This page contains information about my actual and old research projects.
I started my PhD in September 2020. I am currently working on Best Arm Identification, one important topic of bandit problems.
The context of bandit problems is the following: consider $K$ distincts probability distributions $\nu_1, \dots, \nu_K$. Those distributions are unknown but at each step you are able to select an arm $1 \leq k \leq K$ and obtain the value of an independent realization of $\nu_k$. You can define the strategy you want (that is to say choose the next arm to observe by using all the previous observations).
There are several mathematical objectives. For instance, in Best Arm Identification, the goal is to identify the best arm, which is the arm with highest associated expectation. There are two settings:
I am working on both settings. For more information about bandit problems the book of Tor Lattimore and Csaba Szepesvári is a good introduction.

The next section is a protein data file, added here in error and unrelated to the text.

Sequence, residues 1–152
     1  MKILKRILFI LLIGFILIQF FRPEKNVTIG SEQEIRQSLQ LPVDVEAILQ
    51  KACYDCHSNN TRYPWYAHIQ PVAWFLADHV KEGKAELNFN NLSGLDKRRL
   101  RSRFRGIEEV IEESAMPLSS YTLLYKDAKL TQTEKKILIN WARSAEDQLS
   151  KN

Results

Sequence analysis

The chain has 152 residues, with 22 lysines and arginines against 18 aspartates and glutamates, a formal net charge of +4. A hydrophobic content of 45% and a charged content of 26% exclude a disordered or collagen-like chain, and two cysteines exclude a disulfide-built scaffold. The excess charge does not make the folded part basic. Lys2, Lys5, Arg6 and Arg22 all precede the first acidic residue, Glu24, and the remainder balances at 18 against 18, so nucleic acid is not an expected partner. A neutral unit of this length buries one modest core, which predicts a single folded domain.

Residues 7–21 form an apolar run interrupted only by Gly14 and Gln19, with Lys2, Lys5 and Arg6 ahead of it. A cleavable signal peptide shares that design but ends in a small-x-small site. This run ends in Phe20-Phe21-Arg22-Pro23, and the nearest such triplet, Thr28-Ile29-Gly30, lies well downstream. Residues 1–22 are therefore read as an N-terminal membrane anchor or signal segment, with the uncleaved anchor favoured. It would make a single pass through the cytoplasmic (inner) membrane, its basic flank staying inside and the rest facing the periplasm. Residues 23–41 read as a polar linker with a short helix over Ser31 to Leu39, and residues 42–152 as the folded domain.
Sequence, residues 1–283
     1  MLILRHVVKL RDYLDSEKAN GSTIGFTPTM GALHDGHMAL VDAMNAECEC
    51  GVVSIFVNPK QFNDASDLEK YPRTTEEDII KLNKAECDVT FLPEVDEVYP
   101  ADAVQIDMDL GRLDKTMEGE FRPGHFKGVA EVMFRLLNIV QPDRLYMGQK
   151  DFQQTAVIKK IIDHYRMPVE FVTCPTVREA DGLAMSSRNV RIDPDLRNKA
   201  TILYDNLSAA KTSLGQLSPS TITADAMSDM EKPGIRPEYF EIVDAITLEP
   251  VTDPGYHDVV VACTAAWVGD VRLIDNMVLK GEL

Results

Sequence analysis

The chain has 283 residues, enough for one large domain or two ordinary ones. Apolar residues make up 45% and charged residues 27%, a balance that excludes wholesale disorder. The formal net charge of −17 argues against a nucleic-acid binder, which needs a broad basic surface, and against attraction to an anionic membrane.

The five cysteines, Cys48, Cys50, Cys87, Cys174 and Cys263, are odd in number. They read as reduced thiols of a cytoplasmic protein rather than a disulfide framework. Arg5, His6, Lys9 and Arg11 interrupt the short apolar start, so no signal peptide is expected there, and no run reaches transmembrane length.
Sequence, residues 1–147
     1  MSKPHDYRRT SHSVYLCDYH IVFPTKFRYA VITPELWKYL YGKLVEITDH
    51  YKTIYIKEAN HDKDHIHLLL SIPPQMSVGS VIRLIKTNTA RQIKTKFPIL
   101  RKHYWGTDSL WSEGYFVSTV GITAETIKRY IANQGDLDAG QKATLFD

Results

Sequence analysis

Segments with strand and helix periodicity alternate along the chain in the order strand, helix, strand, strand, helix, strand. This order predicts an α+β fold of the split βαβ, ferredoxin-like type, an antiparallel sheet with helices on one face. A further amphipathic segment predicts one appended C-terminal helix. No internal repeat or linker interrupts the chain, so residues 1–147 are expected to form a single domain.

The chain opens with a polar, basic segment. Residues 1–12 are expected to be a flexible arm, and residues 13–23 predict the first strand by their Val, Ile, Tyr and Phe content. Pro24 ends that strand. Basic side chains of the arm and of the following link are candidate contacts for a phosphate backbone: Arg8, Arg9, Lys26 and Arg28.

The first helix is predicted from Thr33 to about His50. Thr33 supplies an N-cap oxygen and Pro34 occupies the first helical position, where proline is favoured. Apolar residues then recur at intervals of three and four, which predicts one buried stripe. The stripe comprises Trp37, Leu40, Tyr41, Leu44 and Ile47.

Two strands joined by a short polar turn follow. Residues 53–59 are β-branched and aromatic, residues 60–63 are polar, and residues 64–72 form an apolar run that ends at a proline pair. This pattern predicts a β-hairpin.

We lay the foundations of a non-parametric theory of best-arm identification in multi-armed bandits with a fixed budget T. We consider general, possibly non-parametric, models $\mathcal D$ for distributions over the arms; an overarching example is the model $\mathcal D = \mathcal P[0,1]$ of all probability distributions over $[0,1]$. We propose upper bounds on the average log-probability of misidentifying the optimal arm based on information-theoretic quantities that correspond to infima over Kullback-Leibler divergences between some distributions in D and a given distribution. This is made possible by a refined analysis of the successive-rejects strategy of Audibert, Bubeck, and Munos (2010). We finally provide lower bounds on the same average log-probability, also in terms of the same new information-theoretic quantities; these lower bounds are larger when the (natural) assumptions on the considered strategies are stronger. All these new upper and lower bounds generalize existing bounds based, e.g., on gaps between distributions.